Nearly a year to the day Hurricane Maria made landfall in Puerto Rico, devastating the U.S. commonwealth and its people, a New Mexico State University assistant professor shared some of the preliminary findings of her study on the mental health of aid workers who are still working to help residents.
Ivelisse Torres Fernandez, an assistant professor in the Counseling and Educational Psychology department at New Mexico State University’s College of Education, is a native of Puerto Rico. Shortly after Hurricane Maria hit Puerto Rico, Torres Fernandez began fundraising efforts to help Puerto Ricans in need of food, water, batteries and other goods. She also began a yearlong study in March focusing on the mental health of those who not only provided aid to storm victims, but who were also victims of Hurricane Maria.
“I started to collect data and it was hard to do, because there was not going to be a perfect time to do it. The emotions are still raw,” Torres Fernandez said. “The emotional wounds this horrible storm left are intense.”
Hurricane Maria was a Category 4 storm when it hit Puerto Rico on Sept. 20, 2017. It is regarded as the worst Atlantic hurricane since 2004, and on Aug. 28 Puerto Rico Gov. Ricardo Rossello raised the U.S. territory’s official death toll from 64 to 2,975 after an independent study, according to the Associated Press.
Torres Fernandez made her third trip to Puerto Rico since Hurricane Maria in July, and said although she is seeing progress, it has been “painfully slow.” So far, Torres Fernandez has completed her first round of interviews, talking to 15 people including first responders, healthcare workers, community leaders and private citizens who have assisted in relief efforts. Out of the 15, 10 have been women. The first group ranged in age from 18 to 71. Torres Fernandez is planning to conduct a second round of interviews, mainly with mental health professionals.
“I’m asking them what it was like to have been impacted by the storm and having to provide emotional support and psychological help to others. How did they cope,” Torres Fernandez said.
One surprising thing she learned was that in helping others, aid workers healed themselves. By providing support and assistance to those who are still experiencing depression, anxiety, suicidal ideation and post-traumatic stress disorder, it has helped them cope and find some relief.
“On a personal level, that’s how I’ve been healing,” said Torres Fernandez. She was not in Puerto Rico during Hurricane Maria but her family, who still live on the island, experienced the storm and its after-effects. Torres Fernandez said residents are still suffering from anxiety whenever it rains, and anxiety has been heightened during this year’s hurricane season.
Torres Fernandez said that by talking to mental health professionals next, she hopes to take a closer look at whether they are experiencing compassion fatigue and whether they have adopted any self care strategies to help them cope. She also wants to explore other consequences of the hurricane such as health issues that occurred after residents were forced to rely on canned food for survival, and the limited access to quality health care.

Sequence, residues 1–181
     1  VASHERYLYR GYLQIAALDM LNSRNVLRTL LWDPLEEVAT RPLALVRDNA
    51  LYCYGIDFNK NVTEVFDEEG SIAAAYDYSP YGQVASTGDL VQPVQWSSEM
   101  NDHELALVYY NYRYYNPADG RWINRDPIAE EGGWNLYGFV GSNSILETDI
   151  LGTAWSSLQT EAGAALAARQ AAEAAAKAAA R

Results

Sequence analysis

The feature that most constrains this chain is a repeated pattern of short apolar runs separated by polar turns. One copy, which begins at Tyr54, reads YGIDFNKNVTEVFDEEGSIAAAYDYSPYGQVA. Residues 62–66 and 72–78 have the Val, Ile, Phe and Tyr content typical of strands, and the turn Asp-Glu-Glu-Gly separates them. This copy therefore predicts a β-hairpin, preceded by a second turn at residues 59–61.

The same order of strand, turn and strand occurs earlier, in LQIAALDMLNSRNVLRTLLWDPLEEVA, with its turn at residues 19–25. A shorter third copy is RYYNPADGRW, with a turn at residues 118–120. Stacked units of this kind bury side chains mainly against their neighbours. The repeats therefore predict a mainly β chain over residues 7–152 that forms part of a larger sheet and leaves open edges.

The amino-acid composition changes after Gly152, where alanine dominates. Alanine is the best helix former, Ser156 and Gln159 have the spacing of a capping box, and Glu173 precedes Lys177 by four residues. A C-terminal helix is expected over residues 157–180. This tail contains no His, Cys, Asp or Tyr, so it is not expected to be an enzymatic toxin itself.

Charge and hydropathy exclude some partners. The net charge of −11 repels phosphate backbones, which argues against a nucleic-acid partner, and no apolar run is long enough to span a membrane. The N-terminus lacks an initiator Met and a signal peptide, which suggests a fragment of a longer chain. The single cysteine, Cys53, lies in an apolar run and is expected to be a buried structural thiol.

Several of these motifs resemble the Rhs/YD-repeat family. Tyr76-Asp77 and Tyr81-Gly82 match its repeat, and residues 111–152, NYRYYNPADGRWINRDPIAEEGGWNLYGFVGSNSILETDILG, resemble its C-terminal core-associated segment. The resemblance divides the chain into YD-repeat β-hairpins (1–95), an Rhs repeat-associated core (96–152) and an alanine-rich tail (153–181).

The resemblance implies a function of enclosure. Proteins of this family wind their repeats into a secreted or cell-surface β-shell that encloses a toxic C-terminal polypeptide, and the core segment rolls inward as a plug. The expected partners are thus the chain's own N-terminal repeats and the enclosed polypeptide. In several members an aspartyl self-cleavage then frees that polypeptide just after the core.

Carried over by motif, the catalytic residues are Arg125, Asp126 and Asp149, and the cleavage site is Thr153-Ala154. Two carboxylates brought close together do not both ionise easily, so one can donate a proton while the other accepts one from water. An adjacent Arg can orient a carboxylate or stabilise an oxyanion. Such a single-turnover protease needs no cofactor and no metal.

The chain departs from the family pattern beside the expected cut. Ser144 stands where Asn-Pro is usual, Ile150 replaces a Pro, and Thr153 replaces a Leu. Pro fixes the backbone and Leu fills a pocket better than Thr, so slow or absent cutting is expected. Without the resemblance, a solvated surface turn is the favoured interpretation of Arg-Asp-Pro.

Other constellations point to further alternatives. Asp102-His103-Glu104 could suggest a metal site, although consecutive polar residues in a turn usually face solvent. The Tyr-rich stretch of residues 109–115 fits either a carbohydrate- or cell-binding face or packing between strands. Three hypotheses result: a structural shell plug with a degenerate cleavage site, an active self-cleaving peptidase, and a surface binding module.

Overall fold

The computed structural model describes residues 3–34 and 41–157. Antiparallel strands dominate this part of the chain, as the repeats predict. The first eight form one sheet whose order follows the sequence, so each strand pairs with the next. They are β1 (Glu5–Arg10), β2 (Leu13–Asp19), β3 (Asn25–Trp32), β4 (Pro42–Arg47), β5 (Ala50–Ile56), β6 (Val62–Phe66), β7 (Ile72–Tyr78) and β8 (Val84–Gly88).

In talking to her first group of interviewees, Torres Fernandez found that although aid workers were emotionally impacted by the experience, adopting a positive outlook has helped them through tough, emotional times.
“One woman told me, ‘We are broken, but we are not defeated. We will rise again,’” Torres Fernandez said, her eyes welling with tears. “This speaks to the resilience of the people of Puerto Rico. Keeping a positive outlook on life makes a difference.”
Participants also raised concerns about the federal aid response versus the local response. Although participants positively rated the response at the municipal level, the majority of participants believe both the federal and local government didn’t do a good job, Torres Fernandez said. The concerns about the federal and local response has led residents to distrust federal and local agencies, and to adopt more significant hurricane preparation measures such as storing enough food and water to last two months, and to buy significant amounts of batteries and power generators.
Before starting her research, Torres Fernandez spearheaded donation efforts to collect clothing, food, batteries, school supplies and money to benefit Puerto Rico. To date, those donations have helped students in three schools and the residents of an assisted living facility, along with several residents in rural areas.
Ivelisse Torres Fernandez, an assistant professor at New Mexico State University, eats lunch with a group of students in Puerto Rico after delivering donations of school supplies. Torres Fernandez, a native of Puerto Rico, is researching the mental health of aid workers who helped Puerto Rican residents during Hurricane Maria in September 2017. (NMSU photo courtesy of Ivelisse Torres Fernandez
A group of students in Puerto Rico pose for a photo with New Mexico State University assistant professor Ivelisse Torres Fernandez while holding school supplies donated by the Las Cruces and NMSU communities. Torres Fernandez, a native of Puerto Rico, has made three trips to the island since Hurricane Maria devastated Puerto Rico and its residents in September 2017. (NMSU photo courtesy of Ivelisse Torres Fernandez)
New Mexico State University assistant professor Ivelisse Torres Fernandez, right, delivered donations to an assisted living facility in Puerto Rico in July. Torres Fernandez, a native of Puerto Rico, has been a part of relief efforts to assist island residents still suffering from the effects of Hurricane Maria, which struck the island on Sept. 20, 2017. (NMSU photo courtesy of Ivelisse Torres Fernandez)